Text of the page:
tion of a journal, entirely devoted to works on "Byzantine" subjects, by the same scholar. The Byzantinische Zeitschrift would have been impossible twenty-five years ago and nothing shows more surely the turn of the tide. Professor Krumbacher's work seems likely to form as important an epoch as that of Ducange.
Russian school of Byzantine students Meanwhile in a part of Europe which deems itself to have received the torch from the Emperors as it has received their torch from the Patriarchs, and which has always had a special regard for the city of Constantine, some excellent work was being done. In Russia, Muralt edited the chronicle of George the monk and his Continuers, and compiled Byzantine Fasti. The Journal of the Ministry of Public Instruction is the storehouse of a long series of most valuable articles dealing, from various sides, with the history of the later Empire, by those indefatigable workers Uspenski and Vasilievski. At length, in 1894, Krumbacher's lead has been followed, and the Vizantiski Vremennik, a Russian counterpart of the Byzantinische Zeitschrift, has been started under the joint editorship of Vasilievski and Regel, and is clearly destined, with the help of Veselovski, Kondakov, Bieliaiev and the rest of a goodly fellowship, to make its mark.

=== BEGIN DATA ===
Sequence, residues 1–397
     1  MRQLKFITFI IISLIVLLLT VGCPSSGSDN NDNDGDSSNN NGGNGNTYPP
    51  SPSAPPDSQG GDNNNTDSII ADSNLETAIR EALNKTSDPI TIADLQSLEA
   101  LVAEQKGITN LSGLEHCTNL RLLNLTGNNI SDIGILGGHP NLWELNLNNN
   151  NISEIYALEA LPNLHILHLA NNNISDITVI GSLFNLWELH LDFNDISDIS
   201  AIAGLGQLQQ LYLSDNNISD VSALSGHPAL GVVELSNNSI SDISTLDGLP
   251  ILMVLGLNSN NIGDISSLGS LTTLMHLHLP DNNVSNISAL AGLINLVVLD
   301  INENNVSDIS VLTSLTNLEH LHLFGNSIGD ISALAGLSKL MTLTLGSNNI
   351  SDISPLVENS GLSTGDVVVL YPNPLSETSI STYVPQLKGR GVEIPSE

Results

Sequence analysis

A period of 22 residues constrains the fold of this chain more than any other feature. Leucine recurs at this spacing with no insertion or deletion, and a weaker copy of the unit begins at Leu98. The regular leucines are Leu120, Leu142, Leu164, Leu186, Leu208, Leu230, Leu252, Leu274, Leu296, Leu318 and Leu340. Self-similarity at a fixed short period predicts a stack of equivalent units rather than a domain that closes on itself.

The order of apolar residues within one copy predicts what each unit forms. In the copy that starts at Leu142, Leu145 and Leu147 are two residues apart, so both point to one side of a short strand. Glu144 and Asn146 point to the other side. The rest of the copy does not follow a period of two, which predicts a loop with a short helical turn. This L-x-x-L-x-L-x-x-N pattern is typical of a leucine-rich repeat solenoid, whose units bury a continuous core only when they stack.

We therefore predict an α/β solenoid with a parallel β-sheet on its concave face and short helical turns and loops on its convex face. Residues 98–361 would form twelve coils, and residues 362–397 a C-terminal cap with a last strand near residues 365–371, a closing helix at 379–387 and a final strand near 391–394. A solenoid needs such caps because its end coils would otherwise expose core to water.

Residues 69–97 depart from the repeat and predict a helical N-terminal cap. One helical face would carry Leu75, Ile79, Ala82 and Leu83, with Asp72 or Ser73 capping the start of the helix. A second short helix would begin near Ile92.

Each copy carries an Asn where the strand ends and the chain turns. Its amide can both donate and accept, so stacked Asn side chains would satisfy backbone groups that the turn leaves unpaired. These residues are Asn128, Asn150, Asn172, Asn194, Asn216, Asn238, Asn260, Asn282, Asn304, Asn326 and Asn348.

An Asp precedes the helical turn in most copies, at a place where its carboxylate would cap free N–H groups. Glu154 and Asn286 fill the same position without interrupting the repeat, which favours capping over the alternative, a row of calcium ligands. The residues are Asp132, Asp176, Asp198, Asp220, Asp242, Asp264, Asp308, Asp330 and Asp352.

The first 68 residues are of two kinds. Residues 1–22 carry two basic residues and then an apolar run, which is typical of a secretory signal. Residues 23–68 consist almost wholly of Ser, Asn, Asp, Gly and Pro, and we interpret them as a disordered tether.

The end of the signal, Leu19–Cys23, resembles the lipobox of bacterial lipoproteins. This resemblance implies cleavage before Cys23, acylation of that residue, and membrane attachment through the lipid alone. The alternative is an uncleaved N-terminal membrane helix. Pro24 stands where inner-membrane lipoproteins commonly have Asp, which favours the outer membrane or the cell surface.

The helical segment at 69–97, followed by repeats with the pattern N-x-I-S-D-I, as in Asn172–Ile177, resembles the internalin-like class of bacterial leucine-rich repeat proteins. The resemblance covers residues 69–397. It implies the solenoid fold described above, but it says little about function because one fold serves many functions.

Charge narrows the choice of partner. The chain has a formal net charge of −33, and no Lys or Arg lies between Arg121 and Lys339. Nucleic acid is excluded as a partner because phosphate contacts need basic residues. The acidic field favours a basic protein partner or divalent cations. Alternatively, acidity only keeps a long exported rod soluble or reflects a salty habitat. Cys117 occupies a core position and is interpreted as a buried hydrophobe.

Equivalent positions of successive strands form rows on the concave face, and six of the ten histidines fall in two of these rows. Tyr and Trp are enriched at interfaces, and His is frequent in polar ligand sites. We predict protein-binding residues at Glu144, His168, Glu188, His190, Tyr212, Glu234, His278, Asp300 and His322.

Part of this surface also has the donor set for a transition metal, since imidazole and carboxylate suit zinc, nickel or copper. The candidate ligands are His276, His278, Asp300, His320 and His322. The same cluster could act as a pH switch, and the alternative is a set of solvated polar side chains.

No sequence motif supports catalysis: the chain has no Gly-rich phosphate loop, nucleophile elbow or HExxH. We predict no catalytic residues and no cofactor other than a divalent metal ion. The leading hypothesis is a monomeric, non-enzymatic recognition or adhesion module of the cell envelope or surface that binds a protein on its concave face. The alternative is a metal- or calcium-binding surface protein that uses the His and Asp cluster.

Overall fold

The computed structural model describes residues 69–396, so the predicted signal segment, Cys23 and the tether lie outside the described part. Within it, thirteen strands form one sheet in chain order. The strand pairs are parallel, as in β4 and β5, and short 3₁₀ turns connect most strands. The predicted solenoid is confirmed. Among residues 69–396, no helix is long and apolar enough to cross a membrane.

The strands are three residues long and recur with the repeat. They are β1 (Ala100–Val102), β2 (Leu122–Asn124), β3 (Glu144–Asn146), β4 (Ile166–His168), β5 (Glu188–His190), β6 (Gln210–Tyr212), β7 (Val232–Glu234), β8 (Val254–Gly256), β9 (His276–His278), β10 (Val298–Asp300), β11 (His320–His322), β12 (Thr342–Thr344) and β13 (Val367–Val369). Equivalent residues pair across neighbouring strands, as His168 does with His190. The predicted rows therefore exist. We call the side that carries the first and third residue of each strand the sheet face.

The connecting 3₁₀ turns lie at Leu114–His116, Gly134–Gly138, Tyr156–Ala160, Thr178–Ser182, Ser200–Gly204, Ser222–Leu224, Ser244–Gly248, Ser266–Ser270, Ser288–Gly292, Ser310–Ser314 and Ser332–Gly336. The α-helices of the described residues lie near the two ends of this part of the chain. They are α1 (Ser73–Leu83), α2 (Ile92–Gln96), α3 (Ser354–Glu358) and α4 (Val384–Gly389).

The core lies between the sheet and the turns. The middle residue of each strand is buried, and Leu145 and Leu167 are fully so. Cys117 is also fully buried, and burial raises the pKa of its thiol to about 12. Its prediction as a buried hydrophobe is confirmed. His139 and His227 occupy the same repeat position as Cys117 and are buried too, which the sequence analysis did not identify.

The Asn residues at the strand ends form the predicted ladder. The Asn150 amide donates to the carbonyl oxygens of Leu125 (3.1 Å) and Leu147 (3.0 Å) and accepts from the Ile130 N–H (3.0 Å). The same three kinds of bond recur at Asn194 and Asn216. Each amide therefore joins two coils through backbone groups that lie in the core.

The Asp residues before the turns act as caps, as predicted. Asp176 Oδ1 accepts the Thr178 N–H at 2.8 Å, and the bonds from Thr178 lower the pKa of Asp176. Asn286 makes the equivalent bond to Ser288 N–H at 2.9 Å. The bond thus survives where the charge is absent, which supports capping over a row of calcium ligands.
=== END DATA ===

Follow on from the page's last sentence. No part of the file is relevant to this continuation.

Progress of research since Gibbon Examples: After this general sketch of the new prospects of later Imperial history, it will be useful to show by some examples what sort of progress is being made, and what kind of work has to be done. I will first take some special points of interest connected with Justinian. My second example shall be the topography of Constantinople; and my third the large field of literature composed in colloquial Greek. Lastly, the capital defect of the second half of Gibbon's work, his inadequate treatment, or rather his neglect, of the Slavs, will serve to illustrate our historical progress.